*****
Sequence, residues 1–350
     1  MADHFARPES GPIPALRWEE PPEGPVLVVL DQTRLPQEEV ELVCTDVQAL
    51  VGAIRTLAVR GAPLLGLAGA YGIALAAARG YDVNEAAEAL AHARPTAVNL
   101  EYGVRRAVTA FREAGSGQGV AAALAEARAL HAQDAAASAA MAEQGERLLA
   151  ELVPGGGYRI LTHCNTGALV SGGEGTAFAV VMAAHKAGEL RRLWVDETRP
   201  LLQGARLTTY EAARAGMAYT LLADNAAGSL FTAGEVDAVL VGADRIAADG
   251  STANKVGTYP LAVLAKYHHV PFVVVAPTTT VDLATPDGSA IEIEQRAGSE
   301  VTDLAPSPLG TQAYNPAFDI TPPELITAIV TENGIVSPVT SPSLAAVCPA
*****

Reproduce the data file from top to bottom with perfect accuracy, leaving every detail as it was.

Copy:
Sequence, residues 1–350
     1  MADHFARPES GPIPALRWEE PPEGPVLVVL DQTRLPQEEV ELVCTDVQAL
    51  VGAIRTLAVR GAPLLGLAGA YGIALAAARG YDVNEAAEAL AHARPTAVNL
   101  EYGVRRAVTA FREAGSGQGV AAALAEARAL HAQDAAASAA MAEQGERLLA
   151  ELVPGGGYRI LTHCNTGALV SGGEGTAFAV VMAAHKAGEL RRLWVDETRP
   201  LLQGARLTTY EAARAGMAYT LLADNAAGSL FTAGEVDAVL VGADRIAADG
   251  STANKVGTYP LAVLAKYHHV PFVVVAPTTT VDLATPDGSA IEIEQRAGSE
   301  VTDLAPSPLG TQAYNPAFDI TPPELITAIV TENGIVSPVT SPSLAAVCPA